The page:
Bronte's Inferno XXI ("Com-for-ta-ble")
I trudged up the track, glad that I'd left the mysterious box in the trunk. Charon could deal with it. I'd no doubt she'd contact the Editor-At-Large with the news that I'd palmed it off on her, as slick as a music-hall cardician forcing the two of spades on a small town spinster. I leaned into the driving rain, half-expecting to see some demented Emily Bronte fan channelling Kate Bush and running hell for leather down the hillside, without actually wearing any shoes. The rain was falling faster and heavier still, but at least the lightning had stopped. But the landscape was deserted: up ahead I thought I could see a five-barred gate, but it could have been anything at all.
The sou'wester was a little too large, my baseball boots would never be wearable again. I had seen a gate, the padlock and chain looked like something for locking a beast in a cellar. There was a stile at the side and I entered the field, slipping and sliding as I tried to keep hold of my messenger bag. Part of the grass was worn where a tractor had been driven over it, but not any time within the last year. I followed the trail uphill. At the end of it stood a farmhouse and a couple of buildings that could have been anything from stables to milking parlours for all I knew. A huge and decrepit generator stood outside, juddering for all the world as though being soaked in the rain had given it the mother of all chills.
I made my way to the door of the farmhouse and attempted to use the knocker in the shape of an gnome's head. It had rusted to its plate, so I hammered hard on the door. I was about to take shelter in one of the outbuildings when the door opened with a creak that should have been in black-and-white.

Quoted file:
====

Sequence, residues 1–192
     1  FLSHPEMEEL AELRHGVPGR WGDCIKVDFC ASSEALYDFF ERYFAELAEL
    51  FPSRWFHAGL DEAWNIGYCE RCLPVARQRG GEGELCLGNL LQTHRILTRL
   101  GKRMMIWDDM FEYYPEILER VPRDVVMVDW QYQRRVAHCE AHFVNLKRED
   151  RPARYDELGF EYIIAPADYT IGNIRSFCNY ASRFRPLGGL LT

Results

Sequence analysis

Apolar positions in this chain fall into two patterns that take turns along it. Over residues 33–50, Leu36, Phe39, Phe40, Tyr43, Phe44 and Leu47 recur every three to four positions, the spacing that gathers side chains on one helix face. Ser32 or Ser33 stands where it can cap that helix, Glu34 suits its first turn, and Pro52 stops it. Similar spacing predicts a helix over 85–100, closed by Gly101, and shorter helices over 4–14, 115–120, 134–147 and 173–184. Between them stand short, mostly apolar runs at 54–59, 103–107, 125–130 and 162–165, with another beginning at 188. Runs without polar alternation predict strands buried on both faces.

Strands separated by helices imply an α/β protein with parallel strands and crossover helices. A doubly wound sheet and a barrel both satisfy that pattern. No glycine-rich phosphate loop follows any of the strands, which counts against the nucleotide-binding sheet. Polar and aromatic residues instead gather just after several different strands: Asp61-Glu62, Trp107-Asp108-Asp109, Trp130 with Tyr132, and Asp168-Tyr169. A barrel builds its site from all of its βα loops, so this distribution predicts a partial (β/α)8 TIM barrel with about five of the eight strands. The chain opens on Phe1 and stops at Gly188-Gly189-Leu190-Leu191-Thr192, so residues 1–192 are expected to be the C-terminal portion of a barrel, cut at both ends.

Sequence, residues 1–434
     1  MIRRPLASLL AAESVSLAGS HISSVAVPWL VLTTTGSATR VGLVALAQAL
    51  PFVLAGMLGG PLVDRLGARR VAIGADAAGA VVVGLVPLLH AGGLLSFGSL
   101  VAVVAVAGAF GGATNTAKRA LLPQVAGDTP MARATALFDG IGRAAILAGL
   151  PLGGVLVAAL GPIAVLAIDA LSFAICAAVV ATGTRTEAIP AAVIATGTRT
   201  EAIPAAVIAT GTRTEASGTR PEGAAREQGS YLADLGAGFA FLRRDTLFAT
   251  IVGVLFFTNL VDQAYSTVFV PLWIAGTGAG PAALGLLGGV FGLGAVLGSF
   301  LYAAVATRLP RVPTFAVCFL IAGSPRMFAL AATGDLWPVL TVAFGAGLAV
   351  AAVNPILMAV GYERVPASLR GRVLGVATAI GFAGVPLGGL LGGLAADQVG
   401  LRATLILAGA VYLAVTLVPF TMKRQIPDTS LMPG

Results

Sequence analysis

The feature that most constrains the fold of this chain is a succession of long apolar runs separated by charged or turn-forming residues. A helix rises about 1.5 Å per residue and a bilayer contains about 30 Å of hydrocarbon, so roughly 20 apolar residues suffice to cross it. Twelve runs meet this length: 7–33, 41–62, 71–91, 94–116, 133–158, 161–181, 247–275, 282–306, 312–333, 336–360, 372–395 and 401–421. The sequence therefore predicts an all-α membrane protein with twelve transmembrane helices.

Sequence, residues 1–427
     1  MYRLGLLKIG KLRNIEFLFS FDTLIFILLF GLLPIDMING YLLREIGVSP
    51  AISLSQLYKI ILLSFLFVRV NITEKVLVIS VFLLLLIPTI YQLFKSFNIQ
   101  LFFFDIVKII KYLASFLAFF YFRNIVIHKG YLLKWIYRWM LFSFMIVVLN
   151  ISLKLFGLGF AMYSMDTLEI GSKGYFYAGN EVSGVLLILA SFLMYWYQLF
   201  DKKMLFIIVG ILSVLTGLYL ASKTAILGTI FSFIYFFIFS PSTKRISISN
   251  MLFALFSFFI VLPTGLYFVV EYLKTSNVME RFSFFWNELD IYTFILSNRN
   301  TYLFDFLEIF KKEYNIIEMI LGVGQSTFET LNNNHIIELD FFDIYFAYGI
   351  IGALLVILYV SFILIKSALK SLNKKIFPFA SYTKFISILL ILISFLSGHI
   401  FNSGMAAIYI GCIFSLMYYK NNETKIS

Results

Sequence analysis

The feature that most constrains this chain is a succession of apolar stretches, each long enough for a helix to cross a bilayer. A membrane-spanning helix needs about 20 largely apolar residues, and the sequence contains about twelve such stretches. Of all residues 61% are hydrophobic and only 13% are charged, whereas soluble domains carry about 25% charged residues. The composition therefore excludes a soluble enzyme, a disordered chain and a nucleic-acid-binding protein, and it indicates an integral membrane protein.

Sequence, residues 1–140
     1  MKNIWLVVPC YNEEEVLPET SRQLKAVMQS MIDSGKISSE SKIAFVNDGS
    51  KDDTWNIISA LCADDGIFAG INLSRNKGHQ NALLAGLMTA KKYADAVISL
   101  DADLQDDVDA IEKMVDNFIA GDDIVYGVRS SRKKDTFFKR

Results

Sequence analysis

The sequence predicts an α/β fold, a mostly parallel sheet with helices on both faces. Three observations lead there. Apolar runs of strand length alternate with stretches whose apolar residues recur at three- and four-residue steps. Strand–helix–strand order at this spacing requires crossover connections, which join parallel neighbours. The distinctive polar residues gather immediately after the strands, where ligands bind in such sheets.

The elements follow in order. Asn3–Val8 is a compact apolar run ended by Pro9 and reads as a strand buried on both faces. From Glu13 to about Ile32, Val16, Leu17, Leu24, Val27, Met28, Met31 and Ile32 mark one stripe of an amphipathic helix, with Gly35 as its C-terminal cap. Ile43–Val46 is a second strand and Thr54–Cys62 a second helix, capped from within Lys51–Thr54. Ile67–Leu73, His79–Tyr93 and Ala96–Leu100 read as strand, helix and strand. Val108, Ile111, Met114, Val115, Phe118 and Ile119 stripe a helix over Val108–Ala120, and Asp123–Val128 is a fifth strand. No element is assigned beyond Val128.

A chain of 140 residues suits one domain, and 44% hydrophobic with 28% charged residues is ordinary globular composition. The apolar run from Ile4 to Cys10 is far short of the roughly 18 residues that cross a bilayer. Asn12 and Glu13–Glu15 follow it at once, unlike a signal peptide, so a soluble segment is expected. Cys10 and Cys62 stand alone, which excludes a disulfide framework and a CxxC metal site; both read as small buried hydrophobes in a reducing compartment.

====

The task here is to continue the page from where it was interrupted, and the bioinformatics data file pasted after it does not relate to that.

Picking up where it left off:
I gave a gasp when the door opened to reveal a woman in what used to be called the prime of life. Well dressed, too, in the kind of trouser suit women wore on American TV in police procedurals. Her hair was long and very dark except for an arresting white stripe.
'Mr Bulgakov? For the Shepherd's Hut?' She held out a hand. I took it.
'I'm Hella, very pleased to meet you. I'm sorry, but the hut has not done well in the storm. I would be delighted if you would stay in one of the farmhouse's bedrooms. In the far wing. It is quite private. Really.' There was something exotic about the way she turned the 'w' of 'would' to 'v'.
An eye-tooth strayed over her lower lip, whilst her eyelids closed and then opened again, slowly.
'Do stay, please. I'll do my very best to make you…' She took a deep breath and then exhaled all the way through saying "com-for-ta-ble".